Halloween Party Pleasers

Deviled Eggs

I found the look inspiration here but I use the frozen blueberries for egg colouring and leave the eggs to infuse overnight.

100 g frozen blueberries

12 eggs

1 tbs wasabi

1 avocado

1 tbs green food colouring paste

1 tbs English mustard

2 tbs mayonnaise

2 tbs lemon

salt and pepper

nigella seeds

Halloween Deviled Eggs

Place the eggs with frozen blueberries in a medium pot filled with water. Bring to boil, cook gently for 5 minutes and leave in the blueberry water for 10 minutes.

Remove the hard boiled eggs to dry but keep the blueberry water. Roll the eggs with a palm of your hand to crack. You want to get lots and lots of irregular cracks on the shell. Return the eggs to the pot and leave overnight so that they can get the blueish pattern.

The next day, carefully peel the eggs and pat them dry. Cut each in half and remove the yolk into a medium bowl. Halve the avocado and scoop the flesh into the bowl. Mash the egg yolks and avocado pieces with a fork and add wasabi paste, English mustard, lemon juice, mayonnaise and green food colouring paste. Season with salt and pepper.

Use an pastry bag with a spaghetti type nozzle or a play dough syringe to squeeze the filling into the egg whites. Arrange on a platter or a cake stand and sprinkle with some nigella seeds.

Halloween Deviled Eggs

Red Velvet Mini Cupcakes

from Nigella Lawson’s Kitchen


250 g flour

2 tbs dark cocoa powder

2 tsp baking powder

1/2 tsp bicarbonate of soda

100 g soft unsalted butter (this needs to be at room temperature)

200 g caster sugar

1 tbs (or more) red food coloring paste

2 tbs vanilla extract

2 eggs

175 ml buttermilk

a drop of cider vinegar

50 frozen raspberries

50 Halloween themed mini muffin cases

400 g icing sugar

100 g cream cheese

100 g soft unsalted butter (this needs to be at room temperature)

1 tsp lemon juice

icing decorations knives from Wilton

red decorating gel

Bloody Red Velvet Cupcakes

Preheat the oven to 170° C.

In a medium bowl combine the dry ingredients.

In a large bowl beat the butter with the sugar until soft, creamy and pale. Add the vanilla extract and the red food coloring paste. Add a tablespoon or two of the dry ingredients then fold in one egg and mix until well combined. Add more dry ingredients, another egg and remaining flour mix and keep beating until smooth. Pour in buttermilk and a drop of vinegar and mix well.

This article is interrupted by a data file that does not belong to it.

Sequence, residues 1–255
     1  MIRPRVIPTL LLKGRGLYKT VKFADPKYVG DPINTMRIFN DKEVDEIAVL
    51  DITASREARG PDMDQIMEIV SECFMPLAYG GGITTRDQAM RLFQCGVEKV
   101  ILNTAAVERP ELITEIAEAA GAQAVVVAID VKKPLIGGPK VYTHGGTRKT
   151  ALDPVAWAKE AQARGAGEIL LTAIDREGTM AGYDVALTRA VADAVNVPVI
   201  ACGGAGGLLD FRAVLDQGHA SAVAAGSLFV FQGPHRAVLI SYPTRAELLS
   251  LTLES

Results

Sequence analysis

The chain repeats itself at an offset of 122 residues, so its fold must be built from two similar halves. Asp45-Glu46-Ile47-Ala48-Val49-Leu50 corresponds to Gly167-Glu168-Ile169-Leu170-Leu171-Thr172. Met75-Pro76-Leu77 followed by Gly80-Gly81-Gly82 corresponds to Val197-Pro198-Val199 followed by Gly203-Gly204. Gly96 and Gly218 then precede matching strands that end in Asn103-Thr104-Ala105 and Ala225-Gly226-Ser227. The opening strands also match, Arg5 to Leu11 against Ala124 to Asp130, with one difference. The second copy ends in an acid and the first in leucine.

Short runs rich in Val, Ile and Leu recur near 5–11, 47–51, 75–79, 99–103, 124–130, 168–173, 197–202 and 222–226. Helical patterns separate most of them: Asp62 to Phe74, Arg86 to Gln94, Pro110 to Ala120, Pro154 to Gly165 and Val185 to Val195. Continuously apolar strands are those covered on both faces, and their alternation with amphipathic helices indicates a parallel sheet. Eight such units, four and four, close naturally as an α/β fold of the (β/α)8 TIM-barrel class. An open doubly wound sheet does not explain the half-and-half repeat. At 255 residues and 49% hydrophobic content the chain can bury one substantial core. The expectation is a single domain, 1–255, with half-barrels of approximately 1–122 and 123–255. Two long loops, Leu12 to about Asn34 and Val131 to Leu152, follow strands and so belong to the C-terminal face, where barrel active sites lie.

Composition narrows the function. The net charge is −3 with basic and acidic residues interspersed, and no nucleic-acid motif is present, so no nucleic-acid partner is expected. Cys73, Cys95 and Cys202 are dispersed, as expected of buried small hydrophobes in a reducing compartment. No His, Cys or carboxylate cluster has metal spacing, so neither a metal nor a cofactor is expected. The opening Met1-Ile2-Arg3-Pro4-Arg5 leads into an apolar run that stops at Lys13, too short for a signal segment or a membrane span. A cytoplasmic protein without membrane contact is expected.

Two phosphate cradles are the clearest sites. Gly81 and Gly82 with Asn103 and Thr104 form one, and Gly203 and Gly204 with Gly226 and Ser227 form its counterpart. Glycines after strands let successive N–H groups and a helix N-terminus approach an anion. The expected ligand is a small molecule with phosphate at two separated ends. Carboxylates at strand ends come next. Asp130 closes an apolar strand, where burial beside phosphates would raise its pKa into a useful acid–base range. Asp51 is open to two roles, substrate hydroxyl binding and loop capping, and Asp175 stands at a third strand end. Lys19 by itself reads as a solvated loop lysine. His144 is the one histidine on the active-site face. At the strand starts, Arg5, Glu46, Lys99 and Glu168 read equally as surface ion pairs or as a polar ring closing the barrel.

Line the mini muffin tin with cases and fold the red mixture into the little cases. Put one frozen raspberry in the middle of each cupcake to get a blood spilling effect. Do not overfill the cases as they will raise in the oven. The recipe makes about 50 mini cupcakes so you might need to do it in batches.

Bake for 20 minutes and make sure they get a darker red colour but do not get brown. Leave to cool.

For the frosting beat together icing sugar, soft butter and cream cheese until smooth and thick. Use a spatula to decorate in a swirly move but do not cover the red top of the cupcake completely. Stick the icing knife into each and splatter with decorating gel for the bloody effect.

Bloody Red Velvet Cupcakes

Cheese Mummy

I found this recipe inspiration here but I use mozzarella cheese for decorating as it works great.

2 packs of soft cream cheese

1 pack cheddar cheese (grated)

4 spring onions

pack of dried ham (prosciutto or Serrano)

salt and pepper

2 mozzarella balls – for bandages

1 black olive – for mummy’s eyes

selection of tortilla crisps and crackers

Halloween Cheesy Mummy

Mix the cream cheese with grated cheddar and fold in finely chopped prosciutto ham and spring onion. Add salt and pepper to taste.

Arrange the mixture into a mummy shape on a platter. Peel mozzarella cheese with a potato peeler or your fingers. You aim to have long wide strips that will cover the mummy. Wrap the mummy overlapping the strips. Serve with tortilla crisps and crackers.

Enjoy those treats and have a happy Halloween.


You Rock! Rocky Roads

There are some recipes that you make once and stick to them because the food is perfect. This Rocky Roads recipe from Nigella Express Cook Book  is certainly one of those. I have been making them for nearly 10 years and I swear I have never tried better ones. It is a great way to use up any leftover chocolate, though I am fully aware that chocolate is not really the type of food that gets left behind. It is fun to make especially if you have some little helpers around the house. It works amazingly well for any birthday parties and is extremely popular at bake sales. I think there is something very attractive and tempting about bite-size treats that just makes you grab one or two quite spontaneously. And then you pick the third one just because you love it and you know you want more. Lately, I have been makings them for my friends 40th birthdays trying to say it with food that they simply ROCK. Make sure to try this recipe out and see for yourself how very addictive those little rocky roads bars are.


Rocky Roads
(recipe from Nigella Lawson’s Nigella Express)

125 g unsalted butter

300 g of chocolate (a mixture of dark and milk chocolate)

3 tablespoons of golden syrup

200 g Rich Tea biscuits (ideally if you can find ones with no palm oil)

100 g marshmallows (a mixture of colours)

some icing sugar for dusting

sprinkle stars (optional)

Rocky Roads

Break the chocolate into little pieces  and put them into a heavy bottom pot with the cubed butter and golden syrup. Melt on a low heat stirring along the way.

Place the biscuits into a freezer bag and bash them with a pestle or a rolling pin into small bits and crumbs.

Cut the marshmallows with scissors into 1 cm pieces. You can also use the mini ones and save yourself the trouble.

Once the chocolate mixture is melted fold in the biscuits and stir gently. Add the marshmallows and combine.

Line a rectangular (18cm x  32 cm) or square (24 cm x 24 cm) tray with aluminium foil and pour the mixture flattening and leveling as much as you can.